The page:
Usha S. Govindarajulu

Correspondence: Usha S. Govindarajulu usha.govindarajulu@downstate.edu

**Author Affiliations**

School of Public Health, Department of Epidemiology and Biostatistics, State University of New York Downstate Medical Center, Brooklyn, USA.

This is an Open Access article distributed under the terms of the Creative Commons Attribution License (http://creativecommons.org/licenses/by/3.0), which permits unrestricted use, distribution, and reproduction in any medium, provided the original work is properly cited.

Many current dose-response methods assume a parametric shape of some form and do not accommodate comparisons between methods. Motivated by a need to be able to compare dose-response curves without assuming a parametric shape to the dose-response curve, we applied our technique to model them by non-parametric smoothing methods and also estimate area under the curves. Given that we do not know the distribution of the area under the smoothed curve, we re-formulated the F-test to compare the areas between curves. We demonstrate this method on several actual datasets from immunology which have dose-response data. This demonstration shows that this method can easily be employed to model dose-response curves and compare them between groups with multiple visits, which will provide a useful tool for this concept and hopefully in the future for dose-response relationships in gene mapping.

**Keywords**: Dose-response, smoothing, area under curve, F-test, non-parametric

Modeling the dose-response profile of patients in drug and target studies is a very key component to these types of studies. In immunology, besides modeling patients' basophil expression level response to an agent, it also became necessary in other immunological assays and hence the need for appropriately modeling the dose-response profiles and comparing them was more pressing [1-4]. There are no current techniques or definitive guidelines for modeling these dose-response profiles, especially since they did not fit the conventional parametric distributional forms or other forms typically used in these contexts. We chose to use non-parametric smoothing methods since these methods avoid parametric constraints on the shape of the dose-response relationship and estimate the trend of the response to be less variable and more smooth [5]. Also, since we preferred to fit non-linear smoothing methods for each patient's dose-response curve, we needed an appropriate way to compare them. There was no guidance for fitting smoothing methods in this context nor were there guidelines in general for comparing these methods fit between persons or for comparing methods to each other.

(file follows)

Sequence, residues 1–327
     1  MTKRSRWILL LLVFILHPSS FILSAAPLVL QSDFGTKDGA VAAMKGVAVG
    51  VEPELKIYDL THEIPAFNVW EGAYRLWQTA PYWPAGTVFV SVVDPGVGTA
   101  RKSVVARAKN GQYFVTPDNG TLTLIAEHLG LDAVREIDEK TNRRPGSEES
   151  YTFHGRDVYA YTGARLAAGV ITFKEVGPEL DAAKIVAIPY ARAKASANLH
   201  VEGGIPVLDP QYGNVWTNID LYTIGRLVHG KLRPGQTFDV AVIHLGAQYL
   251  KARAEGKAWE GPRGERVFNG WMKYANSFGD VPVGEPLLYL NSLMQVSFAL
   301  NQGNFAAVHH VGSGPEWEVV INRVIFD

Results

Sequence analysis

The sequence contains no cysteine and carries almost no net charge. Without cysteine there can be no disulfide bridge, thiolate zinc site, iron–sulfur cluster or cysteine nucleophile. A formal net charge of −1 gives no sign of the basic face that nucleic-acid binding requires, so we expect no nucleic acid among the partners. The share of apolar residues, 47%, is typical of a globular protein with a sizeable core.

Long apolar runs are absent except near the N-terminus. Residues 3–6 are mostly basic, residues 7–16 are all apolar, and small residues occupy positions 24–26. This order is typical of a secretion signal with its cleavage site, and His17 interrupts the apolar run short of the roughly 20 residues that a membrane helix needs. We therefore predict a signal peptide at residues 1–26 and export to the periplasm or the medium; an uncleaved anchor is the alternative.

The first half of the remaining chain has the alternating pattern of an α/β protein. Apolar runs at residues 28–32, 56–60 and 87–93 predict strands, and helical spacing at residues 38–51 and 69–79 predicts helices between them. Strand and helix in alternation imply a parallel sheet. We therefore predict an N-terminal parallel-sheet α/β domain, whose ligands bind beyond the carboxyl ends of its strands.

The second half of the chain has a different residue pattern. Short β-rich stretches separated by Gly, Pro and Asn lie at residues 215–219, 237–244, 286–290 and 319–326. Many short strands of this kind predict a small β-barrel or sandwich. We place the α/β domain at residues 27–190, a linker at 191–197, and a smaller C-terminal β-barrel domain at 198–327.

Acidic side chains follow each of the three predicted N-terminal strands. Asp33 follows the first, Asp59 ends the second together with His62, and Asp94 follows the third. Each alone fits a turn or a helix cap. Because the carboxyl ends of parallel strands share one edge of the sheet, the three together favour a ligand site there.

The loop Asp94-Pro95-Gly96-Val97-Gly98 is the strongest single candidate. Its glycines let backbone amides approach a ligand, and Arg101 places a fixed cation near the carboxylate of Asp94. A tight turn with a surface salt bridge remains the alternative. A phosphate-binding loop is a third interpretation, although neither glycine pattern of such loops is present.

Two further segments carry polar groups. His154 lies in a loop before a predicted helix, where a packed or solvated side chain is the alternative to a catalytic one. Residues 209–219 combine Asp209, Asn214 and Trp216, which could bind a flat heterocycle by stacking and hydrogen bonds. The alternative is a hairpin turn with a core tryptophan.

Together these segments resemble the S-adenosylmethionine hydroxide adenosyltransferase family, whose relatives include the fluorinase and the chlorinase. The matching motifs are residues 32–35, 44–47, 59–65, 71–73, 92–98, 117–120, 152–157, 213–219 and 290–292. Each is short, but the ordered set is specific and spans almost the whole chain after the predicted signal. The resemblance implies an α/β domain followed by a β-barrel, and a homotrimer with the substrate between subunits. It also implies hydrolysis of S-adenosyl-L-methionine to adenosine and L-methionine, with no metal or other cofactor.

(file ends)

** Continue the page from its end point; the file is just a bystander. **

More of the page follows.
Since our previous work had focused on modeling exposure-response data fitted with smoothing methods on actual datasets [6,7], comparing smoothing methods in simulations, and employing a method to compare smoothed curves, we saw the potential for applicability in this area. First, initially, work had been done with actual datasets. Smoothing methods (penalized spline, restricted cubic spline, and fractional polynomial) were fit to two different datasets where miners (silica and uranium) exposed to a particular substance were followed forward in time for development of lung cancer. In order to compare the fit of each method to each other, we developed area calculations, unweighted and weighted (by inverse variance weighting), to compare the methods. However, given this type of data is different than to what we had applied smoothing methods before and since we had previously used Cox proportional hazards models whereas in these contexts, we are looking to utilize regression models with the smoother, we needed to better understand this application and how the methods may now be compared.

Appropriately modeling these dose-response curves are important for ascertaining the patient's immunological response. For example, traditionally one would assume a logit or probit model [8] or threshold to fit the dose-response, however, the assumptions of these models may not always apply. In the GraphPad software [9], sigmoid curves are used as nonparametric and it uses an F-test to compare them. Variations on these methods have been attempted. Kelly and Rice [10] proposed a procedure to use a smoothing method to model dose-response curves, however, they were not able to fully compare the curves and they did not compare different smoothing methods. Kirby et al (2009) [11] modeled dose-response curves by smoothing splines and compared them against more traditional parametric forms of dose-response fitting but did not show direct methods to compare these curves nor judge these curves.

Smoothing can fit every type of dose-response shape and therefore adapted into a non-survival context, they can provide the same flexibility. This provides more flexibility than say using sigmoid curves as non-parametric curves, which are still making parametric assumptions. We demonstrate using smoothing methods on actual datasets to model the dose-response and to compare them between groups and/or visits.